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Tag: aquatic plants
  • Comparison of Generic and Proprietary Aquatic Herbicides for Control of Invasive Vegetation; Part 3: Submersed Plants

    Abstract: Herbicide selection is key to efficiently managing nuisance vegetation in our nation’s waterways. After selecting the active ingredient, there still remains multiple proprietary and generic products to choose from. Recent small-scale research has been conducted to compare the efficacy of these herbicides against floating and emergent species. Therefore, a series of mesocosm and growth chamber trials were conducted to evaluate subsurface applications of the following herbicides against submersed plants: diquat versus coontail (Ceratophyllum demersum L.), hydrilla (Hydrilla verticillata L.f. Royle), southern naiad (Najas guadalupensis (Sprengel) Magnus), and Eurasian watermilfoil (Myriophyllum spicatum L.); flumioxazin versus coontail, hydrilla, and Eurasian watermilfoil; and triclopyr against Eurasian watermilfoil. All active ingredients were applied at concentrations commonly used to manage these species in public waters. Visually, all herbicides within a particular active ingredient performed similarly with regard to the onset and severity of injury symptoms throughout the trials. All trials, except diquat versus Eurasian watermilfoil, resulted in no differences in efficacy among the 14 proprietary and generic herbicides tested, and all herbicides provided 43%–100% control, regardless of active ingredient and trial. Under mesocosm and growth chamber conditions, the majority of the generic and proprietary herbicides evaluated against submersed plants provided similar control.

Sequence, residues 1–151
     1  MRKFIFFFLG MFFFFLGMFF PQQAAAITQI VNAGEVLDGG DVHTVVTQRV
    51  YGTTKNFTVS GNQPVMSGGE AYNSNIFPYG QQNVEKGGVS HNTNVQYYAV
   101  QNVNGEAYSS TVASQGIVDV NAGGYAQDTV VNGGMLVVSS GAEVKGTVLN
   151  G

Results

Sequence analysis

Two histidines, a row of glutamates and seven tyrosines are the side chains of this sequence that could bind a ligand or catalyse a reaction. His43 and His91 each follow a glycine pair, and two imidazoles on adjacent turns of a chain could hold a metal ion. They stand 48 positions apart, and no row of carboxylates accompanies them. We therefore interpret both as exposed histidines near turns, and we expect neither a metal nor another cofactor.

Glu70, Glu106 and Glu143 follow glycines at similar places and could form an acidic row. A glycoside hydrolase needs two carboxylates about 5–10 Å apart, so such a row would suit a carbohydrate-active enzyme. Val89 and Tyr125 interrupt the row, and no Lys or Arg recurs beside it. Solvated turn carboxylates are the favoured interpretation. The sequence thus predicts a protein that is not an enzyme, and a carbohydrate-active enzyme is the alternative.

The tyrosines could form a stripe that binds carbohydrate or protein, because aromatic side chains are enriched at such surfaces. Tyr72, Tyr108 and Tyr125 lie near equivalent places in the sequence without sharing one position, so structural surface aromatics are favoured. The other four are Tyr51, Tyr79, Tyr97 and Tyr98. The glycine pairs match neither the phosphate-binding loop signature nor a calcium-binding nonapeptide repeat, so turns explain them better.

• Evaluation of light limitation and depth on germinated seeds of two species of water chestnut cultured under experimental conditions

    Abstract: This technical note describes the results of a mesocosm experiment to determine the light and depth limitations of growth chamber germinated seeds of two species of water chestnut (Trapa spp.) naturalized in the northeastern United States.
  • Comparison of Generic and Proprietary Aquatic Herbicides for Control of Invasive Vegetation : Part 2. Emergent Plants

    Abstract: Aquatic herbicides are one of the most effective and widespread ways to manage nuisance vegetation in the US After the active ingredient is selected, often there are numerous proprietary and generic branded products to select from. To date, limited efforts have been made to compare the efficacy of brand name and generic herbicides head to head; therefore, at tot al of 20 mesocosm trials were conducted to evaluate various 2,4 -D, glyphosate, imazapyr, and triclopyr products against alligatorweed (Alternanthera philoxeroides (Mart.) Griseb.), southern cattail (hereafter referred to as cattail, Typha domingensis Pers.), and creeping water primrose (hereafter referred as primrose, Ludwigia peploides (Kunth) P.H. Raven). All active ingredients were applied to foliage at broadcast rates commonly used in applications to public waters. Proprietary and generic 2,4 -D, glyphosate, imazapyr, and triclopyr were efficacious and provided 39 to 99% control of alligatorweed, cattail and primrose in 19 of the 20 trials. There were no significant differences i n product performance except glyphosate vs. alligatorweed (trial 1, Rodeo vs. Roundup Custom) and glyphosate vs. cattail (trial 1, Rodeo vs. Glyphosate 5.4). These results demonstrate under small -scale conditions, the majority of the generic and proprietary herbicides provided similar control of emergent vegetation, regardless of active ingredient.